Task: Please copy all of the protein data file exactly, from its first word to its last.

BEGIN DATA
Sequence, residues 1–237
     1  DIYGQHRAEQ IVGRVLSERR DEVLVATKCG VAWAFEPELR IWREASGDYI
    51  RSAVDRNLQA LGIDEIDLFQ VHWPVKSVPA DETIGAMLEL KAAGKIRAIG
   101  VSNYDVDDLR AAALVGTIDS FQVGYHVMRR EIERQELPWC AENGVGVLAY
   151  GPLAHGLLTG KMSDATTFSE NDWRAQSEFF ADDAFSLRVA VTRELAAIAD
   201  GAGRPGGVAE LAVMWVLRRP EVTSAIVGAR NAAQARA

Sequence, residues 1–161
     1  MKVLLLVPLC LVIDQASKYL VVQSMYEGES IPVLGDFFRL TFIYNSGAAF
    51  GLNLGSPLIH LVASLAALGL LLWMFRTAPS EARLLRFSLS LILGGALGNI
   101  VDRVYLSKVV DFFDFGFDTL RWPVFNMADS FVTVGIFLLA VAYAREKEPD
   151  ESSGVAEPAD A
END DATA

Sequence, residues 1–237
     1  DIYGQHRAEQ IVGRVLSERR DEVLVATKCG VAWAFEPELR IWREASGDYI
    51  RSAVDRNLQA LGIDEIDLFQ VHWPVKSVPA DETIGAMLEL KAAGKIRAIG
   101  VSNYDVDDLR AAALVGTIDS FQVGYHVMRR EIERQELPWC AENGVGVLAY
   151  GPLAHGLLTG KMSDATTFSE NDWRAQSEFF ADDAFSLRVA VTRELAAIAD
   201  GAGRPGGVAE LAVMWVLRRP EVTSAIVGAR NAAQARA

Sequence, residues 1–161
     1  MKVLLLVPLC LVIDQASKYL VVQSMYEGES IPVLGDFFRL TFIYNSGAAF
    51  GLNLGSPLIH LVASLAALGL LLWMFRTAPS EARLLRFSLS LILGGALGNI
   101  VDRVYLSKVV DFFDFGFDTL RWPVFNMADS FVTVGIFLLA VAYAREKEPD
   151  ESSGVAEPAD A